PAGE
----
We can see that all of our 7 hosts are compliant with the baseline selected and don’t need any patches ort updates.
vSphere Lifecycle Manager, or vLCM is the next-generation replacement to vSphere Update Manager (VUM), and is built off of a desired-state, or declarative model, and will provide lifecycle management for the hypervisor and the full stack of drivers and firmware for the servers powering your data center. It can be enabled, and you have to insert the declarative model for your software and firmware depending on your storage vendor.
You can also check the VMware Tools status, the VM hardware status and the Cluster settings.
Next, we will deploy vRealize Operations. This can easily be done in the vSphere Client.
Note that Online Install requires vCenter Server to have Internet access. This option will download and deploy the vRealize Operations virtual appliance.
A few vCenter Server details are needed to configure vRealize Operations.
The following information has been filled in:
Now we must provide some additional details about the environment.
The following information has been filled in:
In many cases, an administrator would enter static IP address information in this Network Details section. To keep things simple, we will use DHCP.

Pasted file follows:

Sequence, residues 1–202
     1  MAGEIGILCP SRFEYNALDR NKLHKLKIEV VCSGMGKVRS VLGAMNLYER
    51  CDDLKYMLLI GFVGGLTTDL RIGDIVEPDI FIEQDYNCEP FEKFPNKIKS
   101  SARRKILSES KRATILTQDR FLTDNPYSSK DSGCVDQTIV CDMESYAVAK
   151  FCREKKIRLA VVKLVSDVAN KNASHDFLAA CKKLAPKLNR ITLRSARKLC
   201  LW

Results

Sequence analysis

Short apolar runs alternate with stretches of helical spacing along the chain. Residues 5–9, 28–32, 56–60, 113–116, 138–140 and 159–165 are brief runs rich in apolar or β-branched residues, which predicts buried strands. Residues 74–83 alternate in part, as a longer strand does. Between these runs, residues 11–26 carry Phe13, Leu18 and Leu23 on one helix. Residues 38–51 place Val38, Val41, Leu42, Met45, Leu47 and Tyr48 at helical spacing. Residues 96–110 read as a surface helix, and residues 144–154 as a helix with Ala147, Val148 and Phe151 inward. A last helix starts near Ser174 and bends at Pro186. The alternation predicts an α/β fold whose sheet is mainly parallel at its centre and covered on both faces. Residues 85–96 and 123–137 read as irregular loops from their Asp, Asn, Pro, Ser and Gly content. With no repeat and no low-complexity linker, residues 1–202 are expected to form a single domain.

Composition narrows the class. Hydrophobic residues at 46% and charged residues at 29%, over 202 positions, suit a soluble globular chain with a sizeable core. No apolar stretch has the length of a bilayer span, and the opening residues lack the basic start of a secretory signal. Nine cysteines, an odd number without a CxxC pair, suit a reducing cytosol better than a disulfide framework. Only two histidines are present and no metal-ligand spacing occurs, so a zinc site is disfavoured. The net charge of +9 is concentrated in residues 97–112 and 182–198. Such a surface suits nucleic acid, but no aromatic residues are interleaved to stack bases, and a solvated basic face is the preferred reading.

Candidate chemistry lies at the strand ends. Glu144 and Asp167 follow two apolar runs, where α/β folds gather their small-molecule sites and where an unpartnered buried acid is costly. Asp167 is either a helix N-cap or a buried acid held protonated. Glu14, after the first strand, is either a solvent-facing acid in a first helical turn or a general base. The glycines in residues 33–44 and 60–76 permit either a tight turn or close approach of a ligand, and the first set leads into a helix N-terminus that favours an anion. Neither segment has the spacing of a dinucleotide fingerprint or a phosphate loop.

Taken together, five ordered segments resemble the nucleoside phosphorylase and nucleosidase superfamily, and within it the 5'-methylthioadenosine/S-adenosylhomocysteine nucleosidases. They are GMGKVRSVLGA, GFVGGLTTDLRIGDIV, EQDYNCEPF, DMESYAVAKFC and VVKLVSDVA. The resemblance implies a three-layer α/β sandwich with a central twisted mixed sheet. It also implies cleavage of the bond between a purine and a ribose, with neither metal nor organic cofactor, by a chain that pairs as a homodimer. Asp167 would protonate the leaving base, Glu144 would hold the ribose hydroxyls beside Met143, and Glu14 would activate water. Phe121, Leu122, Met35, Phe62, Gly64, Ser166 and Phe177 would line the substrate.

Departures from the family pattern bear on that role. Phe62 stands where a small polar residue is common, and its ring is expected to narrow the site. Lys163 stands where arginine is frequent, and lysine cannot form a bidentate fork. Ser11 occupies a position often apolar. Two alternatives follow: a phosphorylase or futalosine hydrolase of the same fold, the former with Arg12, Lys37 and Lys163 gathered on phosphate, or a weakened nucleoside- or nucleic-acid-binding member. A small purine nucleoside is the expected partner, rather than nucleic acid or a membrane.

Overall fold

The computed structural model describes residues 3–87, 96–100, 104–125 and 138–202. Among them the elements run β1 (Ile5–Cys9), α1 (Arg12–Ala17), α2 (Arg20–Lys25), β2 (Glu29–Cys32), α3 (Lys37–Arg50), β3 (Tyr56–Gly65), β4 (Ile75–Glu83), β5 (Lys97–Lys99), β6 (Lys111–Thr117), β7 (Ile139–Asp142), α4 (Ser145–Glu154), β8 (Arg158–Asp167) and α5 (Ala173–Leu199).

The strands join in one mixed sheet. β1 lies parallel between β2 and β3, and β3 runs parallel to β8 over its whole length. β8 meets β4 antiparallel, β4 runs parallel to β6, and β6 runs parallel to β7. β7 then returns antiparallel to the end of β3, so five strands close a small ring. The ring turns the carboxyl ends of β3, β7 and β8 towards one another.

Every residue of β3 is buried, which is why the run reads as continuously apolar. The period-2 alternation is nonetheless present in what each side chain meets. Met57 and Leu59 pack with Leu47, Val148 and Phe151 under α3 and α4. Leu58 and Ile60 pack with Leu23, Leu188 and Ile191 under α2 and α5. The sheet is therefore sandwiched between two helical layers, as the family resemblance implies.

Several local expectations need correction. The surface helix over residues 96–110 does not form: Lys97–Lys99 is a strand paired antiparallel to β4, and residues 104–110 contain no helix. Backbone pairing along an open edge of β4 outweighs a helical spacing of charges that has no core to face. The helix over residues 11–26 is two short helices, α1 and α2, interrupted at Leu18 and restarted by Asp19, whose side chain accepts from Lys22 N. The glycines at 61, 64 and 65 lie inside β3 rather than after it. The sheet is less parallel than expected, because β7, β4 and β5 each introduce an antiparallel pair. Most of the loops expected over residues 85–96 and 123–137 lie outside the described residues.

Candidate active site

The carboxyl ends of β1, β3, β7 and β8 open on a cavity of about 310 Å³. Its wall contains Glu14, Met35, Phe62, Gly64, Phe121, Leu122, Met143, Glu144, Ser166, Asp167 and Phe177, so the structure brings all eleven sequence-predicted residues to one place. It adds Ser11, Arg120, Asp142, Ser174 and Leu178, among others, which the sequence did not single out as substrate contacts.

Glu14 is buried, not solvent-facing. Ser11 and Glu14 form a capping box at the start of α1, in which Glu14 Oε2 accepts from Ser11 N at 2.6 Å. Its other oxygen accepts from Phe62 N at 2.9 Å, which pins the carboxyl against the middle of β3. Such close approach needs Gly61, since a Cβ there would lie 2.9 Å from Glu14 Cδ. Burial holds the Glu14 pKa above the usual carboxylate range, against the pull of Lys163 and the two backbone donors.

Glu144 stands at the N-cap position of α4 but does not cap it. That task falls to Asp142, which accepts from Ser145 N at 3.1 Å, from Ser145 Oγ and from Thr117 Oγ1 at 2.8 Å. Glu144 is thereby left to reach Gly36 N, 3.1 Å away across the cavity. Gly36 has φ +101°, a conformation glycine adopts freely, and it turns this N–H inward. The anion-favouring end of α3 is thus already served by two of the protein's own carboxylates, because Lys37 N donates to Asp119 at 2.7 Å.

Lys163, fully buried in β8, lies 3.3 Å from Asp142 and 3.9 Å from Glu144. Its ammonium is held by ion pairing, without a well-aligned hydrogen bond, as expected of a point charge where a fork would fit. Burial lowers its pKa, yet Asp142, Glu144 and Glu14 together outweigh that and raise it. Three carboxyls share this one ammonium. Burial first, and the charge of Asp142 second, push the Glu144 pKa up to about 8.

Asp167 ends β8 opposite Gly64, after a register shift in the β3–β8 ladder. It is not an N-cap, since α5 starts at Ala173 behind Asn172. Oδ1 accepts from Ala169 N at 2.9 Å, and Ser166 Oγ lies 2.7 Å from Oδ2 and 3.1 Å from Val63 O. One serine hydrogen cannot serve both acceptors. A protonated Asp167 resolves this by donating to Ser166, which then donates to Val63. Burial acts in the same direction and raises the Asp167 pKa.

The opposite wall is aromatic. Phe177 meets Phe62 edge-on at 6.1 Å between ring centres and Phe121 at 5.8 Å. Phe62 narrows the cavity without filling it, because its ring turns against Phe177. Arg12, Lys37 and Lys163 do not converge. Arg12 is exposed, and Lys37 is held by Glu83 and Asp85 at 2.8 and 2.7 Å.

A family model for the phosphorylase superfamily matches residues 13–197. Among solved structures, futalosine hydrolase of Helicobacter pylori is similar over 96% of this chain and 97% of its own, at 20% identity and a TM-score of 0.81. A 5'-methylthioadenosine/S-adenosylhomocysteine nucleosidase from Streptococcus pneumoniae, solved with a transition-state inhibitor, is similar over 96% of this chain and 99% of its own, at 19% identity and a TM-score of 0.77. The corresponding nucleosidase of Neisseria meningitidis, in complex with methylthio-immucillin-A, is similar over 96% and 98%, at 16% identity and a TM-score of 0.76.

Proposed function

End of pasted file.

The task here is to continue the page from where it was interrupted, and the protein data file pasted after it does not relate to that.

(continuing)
It is easy to deploy and configure vRealize Operations from the vSphere Client. Entering configuration details takes only a few minutes. The rest of the deployment is automated.
It will take some time to download and configure vRealize Operations. For the purposes of the demo this part has been sped up.
Higher-level dashboards are available directly in the vSphere Client. Here we see environmental information such as the number hosts, virtual machines, datastores and so on. We also get a quick look at the number of issues in the environment, capacity information, and resources that can be reclaimed.
When there is a need for more comprehensive dashboards, the vRealize Operations UI can be access from the Quick Links menu.
This is the vSAN Operations Overview dashboard – one of the many views that are included ‘out of the box’ with vRealize Operations. These prebuilt dashboards provide more details and options to customize based on the business needs of the organization. Let’s look at the capacity dashboard.